As we are all feeling the sky rocketing cost of our daily foods and groceries, many do not know why, or how long conditions will be like this, and what to expect in our future. Many will site economics. Many will site politics. Many will site farmers. Many more will site truckers, or shipping, and port processing. Most will site COVID, and definitely the shut down of various industries, and factories. And, many more, will site the cost of fuel.
Sure, all of these are true to some extent, or another. Some are more majorly impactful, currently, than others as well. Therefore, now, more than ever, we need to plan ahead.
When I speak of planning ahead in shopping, I am not just talking about cost of foods, groceries, and your budget. I am also speaking about AVAILABILITY. We are for the first time in a very long time, if at all in my generation, or younger, are experiencing active shortages, that are, may, and in some cases, will be active for an extended period of time in the future, possibly indefinitely. Thus, fueling the cost of simple regular living items to skyrocket, and so many more.
Many people fail to realize all of the pieces it takes to get an item from the source, finished, and to your kitchen for consumption and use. For example, I’ll use the example of eggs.
Eggs, are sourced from animals raised at either a facility, or farm. Let’s go with Organic Free Range Eggs, 1 dozen, Large. Let’s make them Farm Raised. Basically, the healthiest and natural egg packaged.
From the time the farmer collects the egg, the farmer has already acquired and utilized, chickens, roosters, land, feed, water, monitoring systems, lighting, electricity, medical, handling, buildings, and various machines to distribute the nutrients to feed the crops, that creates the feeds, for the Chicken and Roosters, and more.
The farmer will have hired staff, likely to collect the eggs in some cases, or machine automated the collection process from the Chickens. Then, there are endless different types of inspections, and permits. These inspections include, but are not limited to, weights, sizes, type, FDA approved qualities, and etc., are now up for action. Then staff utilize various sorting and packaging machines.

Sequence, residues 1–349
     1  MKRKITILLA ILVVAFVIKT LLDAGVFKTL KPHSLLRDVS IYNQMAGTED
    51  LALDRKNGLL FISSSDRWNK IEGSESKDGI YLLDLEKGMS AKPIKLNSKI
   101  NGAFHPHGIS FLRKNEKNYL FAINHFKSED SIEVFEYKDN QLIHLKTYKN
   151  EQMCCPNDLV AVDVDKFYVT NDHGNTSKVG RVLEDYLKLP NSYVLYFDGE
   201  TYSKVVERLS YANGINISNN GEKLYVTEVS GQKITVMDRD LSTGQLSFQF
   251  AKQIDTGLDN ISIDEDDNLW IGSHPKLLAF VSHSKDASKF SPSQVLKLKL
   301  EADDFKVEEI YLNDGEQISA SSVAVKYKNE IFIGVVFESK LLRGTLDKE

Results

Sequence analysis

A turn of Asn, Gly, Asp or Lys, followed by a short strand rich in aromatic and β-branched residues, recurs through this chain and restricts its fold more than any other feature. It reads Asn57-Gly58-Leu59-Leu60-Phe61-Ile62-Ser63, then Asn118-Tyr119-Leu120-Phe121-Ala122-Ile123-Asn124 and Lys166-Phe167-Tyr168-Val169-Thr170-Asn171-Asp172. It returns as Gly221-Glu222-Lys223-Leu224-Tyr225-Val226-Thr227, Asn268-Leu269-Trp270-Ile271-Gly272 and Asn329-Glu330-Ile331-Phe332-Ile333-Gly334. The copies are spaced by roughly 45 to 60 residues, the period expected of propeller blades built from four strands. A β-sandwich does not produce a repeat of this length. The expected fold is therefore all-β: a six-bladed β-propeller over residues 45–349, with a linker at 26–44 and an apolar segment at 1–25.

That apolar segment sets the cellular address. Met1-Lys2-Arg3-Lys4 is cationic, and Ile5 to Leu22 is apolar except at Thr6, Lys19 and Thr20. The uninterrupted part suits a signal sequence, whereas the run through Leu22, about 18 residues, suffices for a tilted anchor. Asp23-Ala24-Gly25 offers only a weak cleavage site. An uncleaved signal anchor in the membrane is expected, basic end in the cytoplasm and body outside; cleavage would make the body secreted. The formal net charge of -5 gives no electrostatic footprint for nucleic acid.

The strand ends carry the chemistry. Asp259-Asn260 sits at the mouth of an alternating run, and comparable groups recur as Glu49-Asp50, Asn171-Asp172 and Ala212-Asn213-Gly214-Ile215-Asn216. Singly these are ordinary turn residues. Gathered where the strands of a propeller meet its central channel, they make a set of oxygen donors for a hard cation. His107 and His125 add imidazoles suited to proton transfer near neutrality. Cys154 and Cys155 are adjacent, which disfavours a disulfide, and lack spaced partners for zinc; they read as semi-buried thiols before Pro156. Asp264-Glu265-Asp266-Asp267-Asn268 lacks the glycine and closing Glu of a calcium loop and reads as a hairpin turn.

Next up, transporting the now crated cartons of palletized eggs, to either a shipper (truck and or boat), or direct to store. Many stores have central hubs to the various communities.
There are so many steps I did not include. However, you get the gist of what I am saying. What I do not mention is the fuel to run some of the machinery, the replacement parts, tools for repair, gear oil, gear materials, and etc. Over head costs, and the various insurances? Cost per employee, plus insurance? Taxes? Do they own the transportation trucks, or are they leasing? Do they need a refrigerated trucking system? Size of truck? Insurance? Etc, etc, etc.
Now, did you think about where some of the parts are manufactured that make the process run? Or, machine oil and packaging? Labeling? Stamping equipment? Inspections? Permits? Accounting? Legal? Maintenance and etc. Many of those physical things are manufactured some place else. Each is individualized. Many cogs in the wheel as they say.
This leads me to where things come from? We are a global society, and a global economy for a reason. Even all the way down to disposal. The machine made in Italy, the processor made in China, the ink for labeling India, the paper from Canada, the eggs from who knows where. You see where I am going with this? Sourcing. Even when all is sourced in one country, there is still endless sourcing. All the way to the paper you write your notes on, and that Bic Pen you use. Sourcing, processing, and shipping.
The simple Scrambled Eggs and Bacon, or Eggs Benedict, or even the Hard Boiled Egg, or Smoothie, this is the process to get that one dozen Large, Organic, Free Range Eggs.
With all this being said, this explains how we are where we are at now. Skyrocketing food and grocer prices. It also explains how we must plan, and prepare.
I have not even factored in, major outside political factors, affecting our daily living. From China, Russia, India, and abroad. Nor, have I factored in ‘exclusive’ or ‘specialty items’.
But, the ‘BEASTS OF ALL‘, ‘Amazon’, ‘Big Box Stores’, ‘Walmart’, ‘Target’, ‘Best Buy’, ‘Whole Foods’, typically ‘Anchor Stores’, all the way to 7- Elevens or Circle K Marts.
I also, most definitely have NOT INCLUDED ANY RESTAURANT, or ‘cooked food, i.e. fast food, or convenient food’, to before it hits your kitchen.